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Food, Fitness and Losing Weight: The Complexities of a Simple Plan

March 27, 2018

[caption id="attachment_13462" align="alignleft" width="150"] Peter Ford[/caption] It always sounds easy when we talk with our health-care provider about the importance of exercise and diet in reaching and maintaining a healthy weight. So why is it so difficult to do? It’s a challenge for many overweight or obese teens and adults. It’s not surprising that many of us find it difficult, at best, to shop and prepare healthy foods and resist the urge of eating at fast-food restaurants. We’re too busy with our stress-filled daily lives. Most of us know what foods are “healthy” or not, but making the right choice can be overwhelming. For those who try to be diligent with dietary choices, how many actually know what an appropriate “serving size” really is? So much information is available, with so many perceptions of what “eating healthy” means. Then there is exercise. How many times have you heard this exhortation from your health care provider: “You need to exercise at least five days a week for an hour”? What does that mean? Most of us have our own idea or definition of exercise, but how often does it align with what is required to achieve a healthy weight? Let me try to clear some of the smoke and move some of the mirrors from this discussion. First, it is important to build a strong understanding of healthy dietary guidelines. Second, adopt a definition of exercise as it pertains specifically to weight management. Finally, it is imperative to have a fundamental and honest commitment to change. Diet Pattern and balance are two very important concepts with healthy eating. First, maintain a healthy baseline metabolism by distributing food throughout the day. Don’t skip meals. Eating breakfast and one or two healthy snacks can help keep us on track. Finally, understand balance between proteins, fats and “good” carbohydrates. We need them all as a part of a healthy diet. Take the time to weigh and measure your food and keep a log for accountability and accuracy. Exercise The benefits of regular exercise stretch long and wide. Not only does exercise help with weight loss and management, but it also helps reduce the risk for high blood pressure, heart disease, diabetes, osteoporosis and some types of cancer. It is critical to understand how to define exercise if we are hoping to elicit some of its healthy influences. Start with this simple definition of exercise: “Physical activity done for the sake of moving.” Then establish realistic expectations and set a measurable goal. For instance, “I will walk at lunch three days this week for 10 minutes.” Next, establish a routine that fits your lifestyle’s demands. Start slowly and increase gradually, maybe two to three days per week for 10 to 15 minutes and work up over several months to five days per week for 30 to 60 minutes. Set weekly goals to improve and progress. Add muscular strength and endurance exercises if you have access. Improving muscular strength and endurance goes a long way for our bone health and keeps our baseline metabolism from decreasing over time. Remember the “FITT” principle:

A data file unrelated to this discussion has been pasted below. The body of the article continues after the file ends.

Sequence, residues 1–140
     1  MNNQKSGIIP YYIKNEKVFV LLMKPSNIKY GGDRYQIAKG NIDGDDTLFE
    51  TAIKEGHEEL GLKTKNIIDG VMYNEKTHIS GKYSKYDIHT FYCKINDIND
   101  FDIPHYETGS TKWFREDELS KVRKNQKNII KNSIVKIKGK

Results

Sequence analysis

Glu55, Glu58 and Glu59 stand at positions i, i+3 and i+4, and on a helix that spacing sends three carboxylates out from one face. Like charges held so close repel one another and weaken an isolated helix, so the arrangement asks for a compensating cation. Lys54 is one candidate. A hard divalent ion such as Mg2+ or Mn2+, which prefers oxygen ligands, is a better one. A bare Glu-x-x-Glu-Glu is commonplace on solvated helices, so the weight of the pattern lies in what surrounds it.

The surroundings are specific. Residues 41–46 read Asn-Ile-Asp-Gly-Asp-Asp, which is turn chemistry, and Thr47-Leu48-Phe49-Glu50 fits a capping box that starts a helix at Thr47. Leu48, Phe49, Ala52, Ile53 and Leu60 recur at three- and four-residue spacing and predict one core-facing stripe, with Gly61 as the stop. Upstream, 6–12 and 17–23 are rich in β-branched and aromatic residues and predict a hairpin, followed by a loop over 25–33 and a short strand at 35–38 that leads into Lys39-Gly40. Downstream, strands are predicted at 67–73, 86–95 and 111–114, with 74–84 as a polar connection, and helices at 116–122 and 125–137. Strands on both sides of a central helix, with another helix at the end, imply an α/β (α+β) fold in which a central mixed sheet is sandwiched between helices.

• F: Frequency: 3-5 times per week.
  • I: Intensity: Low to moderate effort and gradually increase over time.
  • T: Time: 30-60 minutes per session.
  • T: Type: Low-impact activities that are “fun.”
Finally, exercise safely. Stay well-hydrated before and after exercise. Wear proper clothing and footwear. Do not exercise in extreme weather conditions. If you experience chest pain, light-headedness or dizziness, shortness of breath or pain of any source, stop immediately and seek help. You must decide to make a commitment to change if you want to reach your goals. Help is everywhere, but you must take the first step. Peter Ford is a medical weight loss specialist at the Hartford HealthCare Surgical & Medical Weight Loss Center.